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I'm attempting to use the ReaderWriterLockSlim class to manage a list.

There are many reads to this list and few writes, my reads are fast whereas my writes are slow.

I have a simple test harness written to check how the lock works.

If the following situation occurs

Thread 1 - Start Write
Thread 2 - Start Read
Thread 3 - Start Write

Then the outcome is as follows

Thread 1 starts its write and locks the list.
Thread 2 adds itself to the read queue.
Thread 3 adds itself to the write queue.
Thread 1 finishes writing and releases the lock
Thread 3 aquires the lock and starts its write
Thread 3 finishes writing and releases the lock
Thread 2 performs its read

Is there any way of changing the behaviour of the lock so that any Read requests that were queued before a write lock are allowed to complete before the write locks are granted?

EDIT: The code that demonstrates the issue I have is below

public partial class SimpleLock : System.Web.UI.Page
{
    public static ReaderWriterLockSlim threadLock = new ReaderWriterLockSlim();

    protected void Page_Load(object sender, EventArgs e)
    {
        List<String> outputList = new List<String>();

        Thread thread1 = new Thread(
            delegate(object output)
            {
                ((List<String>)output).Add("Write 1 Enter");
                threadLock.EnterWriteLock();
                ((List<String>)output).Add("Write 1 Begin");
                Thread.Sleep(100);
                ((List<String>)output).Add("Write 1 End");
                threadLock.ExitWriteLock();
                ((List<String>)output).Add("Write 1 Exit");
            }
        );
        thread1.Start(outputList);

        Thread.Sleep(10);

        Thread thread2 = new Thread(
            delegate(object output)
            {
                ((List<String>)output).Add("Read 2 Enter");
                threadLock.EnterReadLock();
                ((List<String>)output).Add("Read 2 Begin");
                Thread.Sleep(100);
                ((List<String>)output).Add("Read 2 End");
                threadLock.ExitReadLock();
                ((List<String>)output).Add("Read 2 Exit");
            }
        );
        thread2.Start(outputList);

        Thread.Sleep(10);

        Thread thread3 = new Thread(
            delegate(object output)
            {
                ((List<String>)output).Add("Write 3 Enter");
                threadLock.EnterWriteLock();
                ((List<String>)output).Add("Write 3 Begin");
                Thread.Sleep(100);
                ((List<String>)output).Add("Write 3 End");
                threadLock.ExitWriteLock();
                ((List<String>)output).Add("Write 3 Exit");
            }
        );
        thread3.Start(outputList);

        thread1.Join();
        thread2.Join();
        thread3.Join();

        Response.Write(String.Join("<br />", outputList.ToArray()));
    }
}
share|improve this question
    
The direct answer to your question, "Is there any way of changing the behavior of the lock," the answer is no. Documentation for ReaderWriterLockSlim says, "A thread that tries to enter read mode blocks if there are threads waiting to enter write mode or if there is a single thread in write mode." There is not currently a way to change that behavior. –  Jim Mischel Sep 12 '13 at 21:22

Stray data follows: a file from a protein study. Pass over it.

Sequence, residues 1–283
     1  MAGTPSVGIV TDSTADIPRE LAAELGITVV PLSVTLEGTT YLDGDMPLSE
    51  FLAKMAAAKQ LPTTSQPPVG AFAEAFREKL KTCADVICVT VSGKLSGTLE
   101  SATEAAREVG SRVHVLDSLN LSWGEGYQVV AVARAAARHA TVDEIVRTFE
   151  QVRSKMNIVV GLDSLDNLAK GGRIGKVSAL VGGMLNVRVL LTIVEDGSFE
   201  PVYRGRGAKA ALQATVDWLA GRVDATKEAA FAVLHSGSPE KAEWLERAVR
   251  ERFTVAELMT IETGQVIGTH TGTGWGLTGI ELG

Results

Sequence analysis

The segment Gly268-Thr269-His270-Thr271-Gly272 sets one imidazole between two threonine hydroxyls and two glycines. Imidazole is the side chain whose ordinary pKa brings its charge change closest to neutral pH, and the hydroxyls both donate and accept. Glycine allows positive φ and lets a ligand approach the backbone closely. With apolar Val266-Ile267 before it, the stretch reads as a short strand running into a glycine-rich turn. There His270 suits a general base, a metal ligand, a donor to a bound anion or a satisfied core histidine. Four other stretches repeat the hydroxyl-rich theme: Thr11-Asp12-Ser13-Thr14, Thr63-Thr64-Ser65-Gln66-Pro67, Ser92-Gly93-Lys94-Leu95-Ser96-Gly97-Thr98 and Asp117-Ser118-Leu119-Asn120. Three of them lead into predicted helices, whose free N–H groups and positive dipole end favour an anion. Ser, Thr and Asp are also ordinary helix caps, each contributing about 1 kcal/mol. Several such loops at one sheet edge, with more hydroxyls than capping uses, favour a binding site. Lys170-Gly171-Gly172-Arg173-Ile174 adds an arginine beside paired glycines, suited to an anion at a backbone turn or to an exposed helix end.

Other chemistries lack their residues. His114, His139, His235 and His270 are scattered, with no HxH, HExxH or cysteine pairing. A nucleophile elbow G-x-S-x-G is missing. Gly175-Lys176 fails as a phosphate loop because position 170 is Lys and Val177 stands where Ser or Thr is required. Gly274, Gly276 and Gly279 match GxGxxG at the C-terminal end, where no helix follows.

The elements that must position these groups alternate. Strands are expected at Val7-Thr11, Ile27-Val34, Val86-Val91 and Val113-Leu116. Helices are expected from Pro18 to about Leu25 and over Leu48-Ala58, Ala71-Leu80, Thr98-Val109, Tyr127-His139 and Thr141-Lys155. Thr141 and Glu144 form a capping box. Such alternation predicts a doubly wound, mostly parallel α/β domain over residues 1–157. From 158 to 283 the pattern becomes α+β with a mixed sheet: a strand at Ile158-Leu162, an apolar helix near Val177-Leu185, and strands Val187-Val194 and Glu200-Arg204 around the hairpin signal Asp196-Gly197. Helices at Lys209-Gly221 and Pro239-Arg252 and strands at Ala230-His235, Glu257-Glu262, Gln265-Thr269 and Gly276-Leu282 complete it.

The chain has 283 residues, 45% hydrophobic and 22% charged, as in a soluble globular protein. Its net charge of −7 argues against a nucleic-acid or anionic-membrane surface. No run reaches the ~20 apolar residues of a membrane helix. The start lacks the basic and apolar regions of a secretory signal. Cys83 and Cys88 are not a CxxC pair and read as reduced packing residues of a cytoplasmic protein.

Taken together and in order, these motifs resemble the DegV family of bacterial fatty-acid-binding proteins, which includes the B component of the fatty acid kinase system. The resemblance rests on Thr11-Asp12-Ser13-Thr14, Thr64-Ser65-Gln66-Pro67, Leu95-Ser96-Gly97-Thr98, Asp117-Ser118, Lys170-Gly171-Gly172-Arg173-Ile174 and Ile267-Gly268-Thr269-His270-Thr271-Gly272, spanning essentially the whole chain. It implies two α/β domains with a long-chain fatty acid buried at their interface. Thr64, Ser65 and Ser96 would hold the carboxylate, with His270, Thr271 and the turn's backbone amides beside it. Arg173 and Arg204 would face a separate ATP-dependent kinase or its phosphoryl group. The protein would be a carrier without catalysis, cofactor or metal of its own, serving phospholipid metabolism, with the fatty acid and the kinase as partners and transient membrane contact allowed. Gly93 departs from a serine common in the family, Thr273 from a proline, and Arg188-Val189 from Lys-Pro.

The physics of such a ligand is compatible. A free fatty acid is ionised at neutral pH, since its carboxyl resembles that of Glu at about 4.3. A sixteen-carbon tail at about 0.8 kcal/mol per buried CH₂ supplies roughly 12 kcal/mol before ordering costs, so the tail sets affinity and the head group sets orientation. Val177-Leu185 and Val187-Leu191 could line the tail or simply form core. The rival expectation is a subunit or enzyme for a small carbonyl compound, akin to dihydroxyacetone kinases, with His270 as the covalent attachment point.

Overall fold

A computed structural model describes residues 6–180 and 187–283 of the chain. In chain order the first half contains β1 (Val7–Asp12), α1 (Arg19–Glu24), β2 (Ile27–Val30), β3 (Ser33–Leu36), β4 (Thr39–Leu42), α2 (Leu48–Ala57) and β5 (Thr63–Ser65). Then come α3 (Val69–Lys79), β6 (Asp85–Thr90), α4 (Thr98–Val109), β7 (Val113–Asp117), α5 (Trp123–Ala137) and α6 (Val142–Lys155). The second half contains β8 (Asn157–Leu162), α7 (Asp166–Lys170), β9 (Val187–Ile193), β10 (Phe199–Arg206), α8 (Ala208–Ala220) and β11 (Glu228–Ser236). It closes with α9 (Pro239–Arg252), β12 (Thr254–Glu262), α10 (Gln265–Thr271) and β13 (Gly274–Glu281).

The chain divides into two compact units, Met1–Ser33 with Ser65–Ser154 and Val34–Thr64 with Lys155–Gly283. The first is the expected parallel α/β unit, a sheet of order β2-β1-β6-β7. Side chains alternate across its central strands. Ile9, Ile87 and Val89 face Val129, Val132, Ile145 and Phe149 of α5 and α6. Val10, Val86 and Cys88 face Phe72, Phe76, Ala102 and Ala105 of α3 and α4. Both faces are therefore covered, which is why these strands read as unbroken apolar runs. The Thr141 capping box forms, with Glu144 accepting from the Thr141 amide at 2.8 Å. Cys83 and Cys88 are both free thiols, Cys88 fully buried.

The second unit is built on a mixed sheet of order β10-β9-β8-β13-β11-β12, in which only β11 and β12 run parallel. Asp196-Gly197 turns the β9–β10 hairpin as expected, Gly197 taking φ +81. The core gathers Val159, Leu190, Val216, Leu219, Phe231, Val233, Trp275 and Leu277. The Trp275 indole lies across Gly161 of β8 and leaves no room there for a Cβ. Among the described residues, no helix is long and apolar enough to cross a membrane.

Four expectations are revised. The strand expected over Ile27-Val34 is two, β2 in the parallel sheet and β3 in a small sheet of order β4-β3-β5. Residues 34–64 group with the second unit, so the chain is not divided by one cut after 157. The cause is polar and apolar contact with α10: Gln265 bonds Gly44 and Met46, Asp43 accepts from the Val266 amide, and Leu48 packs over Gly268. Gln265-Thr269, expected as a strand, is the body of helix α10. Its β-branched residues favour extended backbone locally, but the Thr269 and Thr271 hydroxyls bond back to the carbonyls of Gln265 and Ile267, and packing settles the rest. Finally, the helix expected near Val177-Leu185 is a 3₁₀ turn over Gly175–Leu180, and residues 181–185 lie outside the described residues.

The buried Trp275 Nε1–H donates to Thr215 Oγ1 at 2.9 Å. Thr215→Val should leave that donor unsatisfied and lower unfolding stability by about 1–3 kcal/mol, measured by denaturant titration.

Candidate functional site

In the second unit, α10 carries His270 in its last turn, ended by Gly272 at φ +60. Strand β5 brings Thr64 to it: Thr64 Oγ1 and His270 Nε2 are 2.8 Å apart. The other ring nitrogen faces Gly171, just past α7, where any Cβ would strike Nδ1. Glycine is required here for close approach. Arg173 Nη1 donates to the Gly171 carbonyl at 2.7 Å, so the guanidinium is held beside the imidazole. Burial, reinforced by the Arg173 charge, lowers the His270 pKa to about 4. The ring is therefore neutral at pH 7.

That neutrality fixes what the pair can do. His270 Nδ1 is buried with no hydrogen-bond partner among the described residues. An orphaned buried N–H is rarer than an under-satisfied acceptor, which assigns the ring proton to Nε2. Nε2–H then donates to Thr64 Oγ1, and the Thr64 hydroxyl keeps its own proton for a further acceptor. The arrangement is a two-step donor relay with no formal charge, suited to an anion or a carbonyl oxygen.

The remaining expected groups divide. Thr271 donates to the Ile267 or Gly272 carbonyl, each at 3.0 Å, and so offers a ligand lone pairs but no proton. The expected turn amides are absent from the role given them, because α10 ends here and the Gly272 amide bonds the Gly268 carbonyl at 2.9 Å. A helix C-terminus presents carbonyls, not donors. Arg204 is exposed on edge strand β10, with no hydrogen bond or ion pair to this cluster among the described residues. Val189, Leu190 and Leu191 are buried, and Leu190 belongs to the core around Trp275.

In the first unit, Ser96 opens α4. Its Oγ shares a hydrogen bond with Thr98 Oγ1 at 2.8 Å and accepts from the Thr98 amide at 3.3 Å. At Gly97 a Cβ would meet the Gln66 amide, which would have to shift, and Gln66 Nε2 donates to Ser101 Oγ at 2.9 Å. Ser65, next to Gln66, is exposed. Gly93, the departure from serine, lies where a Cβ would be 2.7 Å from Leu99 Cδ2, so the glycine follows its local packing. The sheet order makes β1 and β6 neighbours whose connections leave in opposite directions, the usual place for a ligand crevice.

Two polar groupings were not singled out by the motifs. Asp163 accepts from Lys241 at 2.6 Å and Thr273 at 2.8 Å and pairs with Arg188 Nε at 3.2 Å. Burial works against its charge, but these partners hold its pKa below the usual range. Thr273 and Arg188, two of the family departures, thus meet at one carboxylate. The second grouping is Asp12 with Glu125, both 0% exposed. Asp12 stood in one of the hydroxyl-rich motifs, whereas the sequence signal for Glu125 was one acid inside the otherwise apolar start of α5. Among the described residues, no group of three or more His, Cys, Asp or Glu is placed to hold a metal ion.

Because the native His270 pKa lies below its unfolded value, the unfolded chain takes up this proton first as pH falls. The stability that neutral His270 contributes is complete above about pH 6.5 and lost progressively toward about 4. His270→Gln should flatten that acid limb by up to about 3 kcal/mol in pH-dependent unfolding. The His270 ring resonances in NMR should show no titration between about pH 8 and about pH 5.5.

1 Answer 1

up vote 3 down vote accepted

Is there any way of changing the behaviour of the lock so that any Read requests that were queued before a write lock are allowed to complete before the write locks are granted?

What about avoiding the use of locks almost entirely? During a write you can acquire a lock, copy the original data structure, modify the copy, and then publish the new data structure by swapping out the old reference with the new reference. Since you never modify the data structure after it has been "published" then you would not need to lock reads at all.

Here is how it works:

public class Example
{
  private object writelock = new object();
  private volatile List<string> data = new List<string>();

  public void Write(string item)
  {
    lock (writelock)
    {
      var copy = new List<string>(data); // Create the copy.
      copy.Add(item); // Modify the data structure.
      data = copy; // Publish the modified data structure.
    }
  }

  public string Read(int index)
  {
    return data[index];
  }
}

The trick we are exploiting here is the immutability of whatever is reference by the data variable. The only thing we need to do is to mark the variable as volatile.

Note that this trick only works if the writes are sufficiently infrequent enough and the data structure is small enough to keep the copy operation cheap. It is not the be all end all solution. It is not ideal for every scenario, but it may just work for you.

share|improve this answer
    
This is the method we have gone for. It actually has a HUGE overhead as the size of the "list" is big. It takes a long time to make a copy. However, at the moment it seems to be holding up. –  Robin Day Nov 24 '11 at 9:12
1  
To add to this, in your example, during the Write you create a third version of the list which you then replace snapshot with. In reality, you can just maintain the "master" list which all reads are done from as well. Then a Write can "lock" the master so that no further writes can occur. Its first step is to make a copy of the master. It then Updates the copy as required, then replaces "master" with the copy. –  Robin Day Nov 24 '11 at 9:29
    
@RobinDay: Yes, excellent catch! I had not thought about that. That reduces the memory consumption by quite a bit. I made some significant changes to my answer to reflect your idea. –  Brian Gideon Nov 24 '11 at 16:34

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